Serve these for breakfast or a brunch. They're also a great after-school snack. They freeze well besides—simply thaw, warm and serve when you need them.
We live in a cherry-producing region—and every guest expects to find some on our table! My husband and I have three children...20,11 and 9.
Meet the Cook: I've found you don't need to put butter on these scones...they're delicious plain and simple. I especially enjoy them in the wintertime with hot coffee or tea.
Married for 44 years, we have two grown children and five grandchildren.
-Helen Carpenter, Albuquerque, New Mexico
"These pretty biscuit-like wedges are very moist and flavorful," notes Judie Anglen, Riverton, Wyoming. "They're tasty slathered with butter, honey or jam...or use them as a base for creamed dishes," she suggests.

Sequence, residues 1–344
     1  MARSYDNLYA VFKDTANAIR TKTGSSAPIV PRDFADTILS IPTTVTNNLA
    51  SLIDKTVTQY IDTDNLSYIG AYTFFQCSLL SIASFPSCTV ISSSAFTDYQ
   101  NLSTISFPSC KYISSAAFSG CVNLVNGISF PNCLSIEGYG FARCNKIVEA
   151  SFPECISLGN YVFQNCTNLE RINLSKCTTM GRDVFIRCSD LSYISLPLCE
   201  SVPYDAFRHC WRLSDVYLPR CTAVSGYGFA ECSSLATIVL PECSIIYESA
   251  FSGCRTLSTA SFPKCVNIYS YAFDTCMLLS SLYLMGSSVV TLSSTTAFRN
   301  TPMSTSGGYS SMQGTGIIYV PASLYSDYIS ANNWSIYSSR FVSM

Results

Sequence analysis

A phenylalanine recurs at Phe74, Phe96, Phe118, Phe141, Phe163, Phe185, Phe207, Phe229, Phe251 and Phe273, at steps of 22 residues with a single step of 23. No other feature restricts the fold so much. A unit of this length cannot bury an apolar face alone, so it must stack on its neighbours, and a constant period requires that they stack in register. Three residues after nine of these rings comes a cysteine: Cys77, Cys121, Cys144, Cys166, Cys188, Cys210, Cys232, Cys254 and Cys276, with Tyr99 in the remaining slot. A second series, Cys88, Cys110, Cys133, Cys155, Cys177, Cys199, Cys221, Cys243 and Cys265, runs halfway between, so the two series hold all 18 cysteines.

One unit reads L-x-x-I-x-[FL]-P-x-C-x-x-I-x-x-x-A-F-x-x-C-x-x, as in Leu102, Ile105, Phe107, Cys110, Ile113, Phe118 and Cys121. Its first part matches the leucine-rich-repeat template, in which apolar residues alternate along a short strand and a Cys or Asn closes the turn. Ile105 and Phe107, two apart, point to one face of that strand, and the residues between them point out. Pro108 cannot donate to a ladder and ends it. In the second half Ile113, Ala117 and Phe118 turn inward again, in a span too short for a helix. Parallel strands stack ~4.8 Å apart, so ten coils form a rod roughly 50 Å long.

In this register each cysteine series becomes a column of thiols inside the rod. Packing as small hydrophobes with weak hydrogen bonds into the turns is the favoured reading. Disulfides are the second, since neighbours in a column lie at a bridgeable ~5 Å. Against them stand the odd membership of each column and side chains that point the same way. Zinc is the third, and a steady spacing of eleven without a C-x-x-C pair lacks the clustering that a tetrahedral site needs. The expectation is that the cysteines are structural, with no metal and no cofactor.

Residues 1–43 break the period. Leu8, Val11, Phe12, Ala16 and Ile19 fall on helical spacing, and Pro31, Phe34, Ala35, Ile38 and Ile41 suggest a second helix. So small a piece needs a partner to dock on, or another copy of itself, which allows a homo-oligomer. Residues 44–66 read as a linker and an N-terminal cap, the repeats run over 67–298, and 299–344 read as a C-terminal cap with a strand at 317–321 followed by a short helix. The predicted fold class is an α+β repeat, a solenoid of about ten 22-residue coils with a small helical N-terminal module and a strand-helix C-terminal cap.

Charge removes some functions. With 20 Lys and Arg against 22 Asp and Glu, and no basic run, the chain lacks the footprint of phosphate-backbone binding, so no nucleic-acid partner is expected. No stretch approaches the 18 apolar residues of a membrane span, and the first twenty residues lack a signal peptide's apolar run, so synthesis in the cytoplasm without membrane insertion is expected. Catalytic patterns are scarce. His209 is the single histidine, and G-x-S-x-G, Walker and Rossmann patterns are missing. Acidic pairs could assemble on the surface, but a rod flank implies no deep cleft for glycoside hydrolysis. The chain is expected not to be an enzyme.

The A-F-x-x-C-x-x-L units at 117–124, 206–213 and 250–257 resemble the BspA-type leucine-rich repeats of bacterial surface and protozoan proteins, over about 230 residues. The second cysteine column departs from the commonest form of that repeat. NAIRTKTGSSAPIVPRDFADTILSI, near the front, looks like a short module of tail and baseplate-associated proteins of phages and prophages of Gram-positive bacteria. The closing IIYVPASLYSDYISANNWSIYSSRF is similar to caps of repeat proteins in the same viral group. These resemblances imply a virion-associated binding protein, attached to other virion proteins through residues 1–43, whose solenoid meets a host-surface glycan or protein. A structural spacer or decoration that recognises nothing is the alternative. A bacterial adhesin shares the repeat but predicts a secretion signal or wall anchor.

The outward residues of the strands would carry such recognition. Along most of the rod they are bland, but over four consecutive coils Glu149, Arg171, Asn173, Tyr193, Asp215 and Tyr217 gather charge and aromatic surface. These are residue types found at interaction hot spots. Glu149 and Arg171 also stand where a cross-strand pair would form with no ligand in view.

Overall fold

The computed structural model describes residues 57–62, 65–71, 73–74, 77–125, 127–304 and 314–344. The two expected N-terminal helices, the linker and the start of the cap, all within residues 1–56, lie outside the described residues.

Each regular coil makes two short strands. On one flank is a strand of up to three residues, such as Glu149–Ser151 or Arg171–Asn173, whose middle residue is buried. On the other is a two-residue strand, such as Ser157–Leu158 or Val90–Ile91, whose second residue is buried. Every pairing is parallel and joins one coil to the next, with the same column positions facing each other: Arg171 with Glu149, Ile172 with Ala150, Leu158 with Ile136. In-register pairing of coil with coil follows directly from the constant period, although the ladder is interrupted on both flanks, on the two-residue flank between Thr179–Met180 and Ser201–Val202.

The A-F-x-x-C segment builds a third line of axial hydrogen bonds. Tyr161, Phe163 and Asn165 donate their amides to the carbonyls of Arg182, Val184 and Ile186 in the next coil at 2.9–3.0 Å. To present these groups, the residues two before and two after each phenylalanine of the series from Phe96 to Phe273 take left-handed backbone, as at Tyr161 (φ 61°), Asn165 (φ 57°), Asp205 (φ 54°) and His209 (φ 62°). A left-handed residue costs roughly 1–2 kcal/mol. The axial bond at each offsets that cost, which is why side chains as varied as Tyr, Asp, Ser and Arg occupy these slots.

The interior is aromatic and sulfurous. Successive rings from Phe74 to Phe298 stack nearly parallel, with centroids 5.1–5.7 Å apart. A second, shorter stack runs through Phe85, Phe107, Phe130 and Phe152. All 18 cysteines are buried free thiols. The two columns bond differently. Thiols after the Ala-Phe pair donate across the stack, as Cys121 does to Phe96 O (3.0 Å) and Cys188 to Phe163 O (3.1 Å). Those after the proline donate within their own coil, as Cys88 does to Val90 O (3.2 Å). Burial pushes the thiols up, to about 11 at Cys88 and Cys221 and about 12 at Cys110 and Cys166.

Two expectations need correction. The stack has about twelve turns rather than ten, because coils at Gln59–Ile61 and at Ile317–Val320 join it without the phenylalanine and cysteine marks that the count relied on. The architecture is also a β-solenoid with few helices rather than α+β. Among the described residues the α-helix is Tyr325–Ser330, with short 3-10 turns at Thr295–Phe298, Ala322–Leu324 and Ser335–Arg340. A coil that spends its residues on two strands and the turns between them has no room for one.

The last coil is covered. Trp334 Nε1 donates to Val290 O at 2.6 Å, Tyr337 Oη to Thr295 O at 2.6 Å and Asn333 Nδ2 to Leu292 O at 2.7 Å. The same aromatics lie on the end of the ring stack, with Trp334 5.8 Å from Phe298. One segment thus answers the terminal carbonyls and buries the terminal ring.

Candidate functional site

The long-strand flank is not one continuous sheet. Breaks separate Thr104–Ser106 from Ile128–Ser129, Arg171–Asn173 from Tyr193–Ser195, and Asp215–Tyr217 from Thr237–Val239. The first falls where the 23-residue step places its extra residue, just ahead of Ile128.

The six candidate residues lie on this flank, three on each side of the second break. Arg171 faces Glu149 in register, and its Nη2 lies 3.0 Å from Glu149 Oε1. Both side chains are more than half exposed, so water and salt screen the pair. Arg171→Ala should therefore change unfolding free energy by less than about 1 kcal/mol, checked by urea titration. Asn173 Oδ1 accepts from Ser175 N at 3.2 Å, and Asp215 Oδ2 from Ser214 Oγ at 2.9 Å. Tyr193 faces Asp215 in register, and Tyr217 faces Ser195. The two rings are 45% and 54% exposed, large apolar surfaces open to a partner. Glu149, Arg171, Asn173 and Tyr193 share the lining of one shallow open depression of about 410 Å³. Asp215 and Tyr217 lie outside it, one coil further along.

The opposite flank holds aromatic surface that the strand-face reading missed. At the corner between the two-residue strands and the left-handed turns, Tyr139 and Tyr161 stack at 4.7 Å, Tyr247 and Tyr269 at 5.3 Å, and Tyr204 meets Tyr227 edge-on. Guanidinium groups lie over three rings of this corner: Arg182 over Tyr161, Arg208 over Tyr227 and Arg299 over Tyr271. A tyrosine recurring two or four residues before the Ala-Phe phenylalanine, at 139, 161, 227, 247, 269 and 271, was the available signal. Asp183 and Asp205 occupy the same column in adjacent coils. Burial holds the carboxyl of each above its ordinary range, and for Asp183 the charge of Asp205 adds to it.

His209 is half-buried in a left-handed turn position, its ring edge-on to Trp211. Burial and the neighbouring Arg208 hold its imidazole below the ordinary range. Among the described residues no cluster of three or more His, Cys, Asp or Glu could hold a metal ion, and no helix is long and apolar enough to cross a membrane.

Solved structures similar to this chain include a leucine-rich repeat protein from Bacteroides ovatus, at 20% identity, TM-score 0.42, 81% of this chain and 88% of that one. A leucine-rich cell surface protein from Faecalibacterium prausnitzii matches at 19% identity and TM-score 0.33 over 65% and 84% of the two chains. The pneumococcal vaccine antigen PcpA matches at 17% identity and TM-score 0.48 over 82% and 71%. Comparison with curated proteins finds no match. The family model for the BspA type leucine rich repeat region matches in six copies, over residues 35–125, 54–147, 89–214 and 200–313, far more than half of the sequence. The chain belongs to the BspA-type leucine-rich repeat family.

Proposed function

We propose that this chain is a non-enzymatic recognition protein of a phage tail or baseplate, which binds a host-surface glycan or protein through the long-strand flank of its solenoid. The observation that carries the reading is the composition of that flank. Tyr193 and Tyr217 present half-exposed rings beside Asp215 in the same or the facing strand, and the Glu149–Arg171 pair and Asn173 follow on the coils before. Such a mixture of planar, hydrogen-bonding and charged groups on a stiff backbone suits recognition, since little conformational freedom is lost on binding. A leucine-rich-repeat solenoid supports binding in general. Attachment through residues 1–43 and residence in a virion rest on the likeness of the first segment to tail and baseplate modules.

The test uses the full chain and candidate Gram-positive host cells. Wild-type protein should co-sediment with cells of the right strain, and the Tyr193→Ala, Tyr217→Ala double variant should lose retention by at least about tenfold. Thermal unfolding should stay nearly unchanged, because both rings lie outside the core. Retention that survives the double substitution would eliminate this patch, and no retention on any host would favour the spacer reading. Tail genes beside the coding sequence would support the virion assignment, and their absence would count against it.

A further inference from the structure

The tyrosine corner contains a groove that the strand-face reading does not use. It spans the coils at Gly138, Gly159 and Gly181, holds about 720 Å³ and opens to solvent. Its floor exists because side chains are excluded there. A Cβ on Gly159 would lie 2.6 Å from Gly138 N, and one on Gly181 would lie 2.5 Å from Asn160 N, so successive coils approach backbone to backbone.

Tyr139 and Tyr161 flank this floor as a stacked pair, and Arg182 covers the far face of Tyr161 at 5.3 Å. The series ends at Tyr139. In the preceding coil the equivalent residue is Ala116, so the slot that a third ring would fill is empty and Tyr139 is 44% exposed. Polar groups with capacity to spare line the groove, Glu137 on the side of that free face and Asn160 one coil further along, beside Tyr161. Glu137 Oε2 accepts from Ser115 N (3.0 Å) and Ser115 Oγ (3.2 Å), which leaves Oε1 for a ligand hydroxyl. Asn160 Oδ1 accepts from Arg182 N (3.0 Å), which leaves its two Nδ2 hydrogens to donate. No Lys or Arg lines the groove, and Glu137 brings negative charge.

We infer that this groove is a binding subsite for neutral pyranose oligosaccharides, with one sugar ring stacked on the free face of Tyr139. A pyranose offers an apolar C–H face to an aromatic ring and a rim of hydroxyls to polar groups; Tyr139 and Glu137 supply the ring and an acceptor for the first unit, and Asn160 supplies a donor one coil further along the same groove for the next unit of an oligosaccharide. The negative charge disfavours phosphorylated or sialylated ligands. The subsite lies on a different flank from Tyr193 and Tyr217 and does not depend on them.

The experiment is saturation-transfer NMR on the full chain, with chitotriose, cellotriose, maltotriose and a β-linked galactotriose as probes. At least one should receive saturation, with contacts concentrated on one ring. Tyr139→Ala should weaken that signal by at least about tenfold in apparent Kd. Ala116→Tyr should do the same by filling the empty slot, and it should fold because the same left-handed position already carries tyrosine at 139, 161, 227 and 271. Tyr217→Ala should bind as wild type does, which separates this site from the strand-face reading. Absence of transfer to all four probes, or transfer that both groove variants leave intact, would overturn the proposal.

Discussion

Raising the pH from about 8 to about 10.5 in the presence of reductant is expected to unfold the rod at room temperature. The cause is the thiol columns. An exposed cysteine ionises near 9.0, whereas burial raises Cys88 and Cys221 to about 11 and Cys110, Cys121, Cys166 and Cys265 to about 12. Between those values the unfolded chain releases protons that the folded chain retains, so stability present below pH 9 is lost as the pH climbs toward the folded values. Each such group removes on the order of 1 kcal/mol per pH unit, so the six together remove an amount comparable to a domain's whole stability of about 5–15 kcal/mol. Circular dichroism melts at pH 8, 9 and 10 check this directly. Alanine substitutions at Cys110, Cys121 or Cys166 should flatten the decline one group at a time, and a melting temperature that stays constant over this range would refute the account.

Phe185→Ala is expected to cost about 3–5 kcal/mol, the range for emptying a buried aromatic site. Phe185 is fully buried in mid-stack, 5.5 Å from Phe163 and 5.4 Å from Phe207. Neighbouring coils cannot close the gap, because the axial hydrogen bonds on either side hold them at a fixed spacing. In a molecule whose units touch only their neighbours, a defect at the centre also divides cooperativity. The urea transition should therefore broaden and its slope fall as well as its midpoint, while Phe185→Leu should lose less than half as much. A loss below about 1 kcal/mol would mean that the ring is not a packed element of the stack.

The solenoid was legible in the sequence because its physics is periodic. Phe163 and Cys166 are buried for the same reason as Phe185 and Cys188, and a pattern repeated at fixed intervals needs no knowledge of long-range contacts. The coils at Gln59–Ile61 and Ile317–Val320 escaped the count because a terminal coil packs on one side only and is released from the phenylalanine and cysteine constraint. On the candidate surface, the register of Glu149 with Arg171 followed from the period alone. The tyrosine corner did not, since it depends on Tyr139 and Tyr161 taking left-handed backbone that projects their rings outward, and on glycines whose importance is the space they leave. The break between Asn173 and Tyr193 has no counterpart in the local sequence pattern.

You'll love the appealing look and delicate texture of these lightly sweet scones. For the best results, work quickly to mix and cut them. The less you handle the dough, the more tender the scones are. They're delightful served warm with homemade lemon curd for breakfast or with a salad for lunch.
-Linda Murray, Allenstown, New Hampshire
Moist and scrumptious, these scones come out perfect every time. I savor the chewy dried cranberries and sweet orange glaze. There's nothing better than serving these remarkable scones warm with the delicate orange butter.
Popular served with tea in Victorian days, scones are making a big comeback. Apricots and nuts are stirred into the batter in this recipe I baked for the theme shower. Spread with Devonshire cream, they delighted the bride-to-be and guests.
-Robin Fuhrman, Fond du Lac, Wisconsin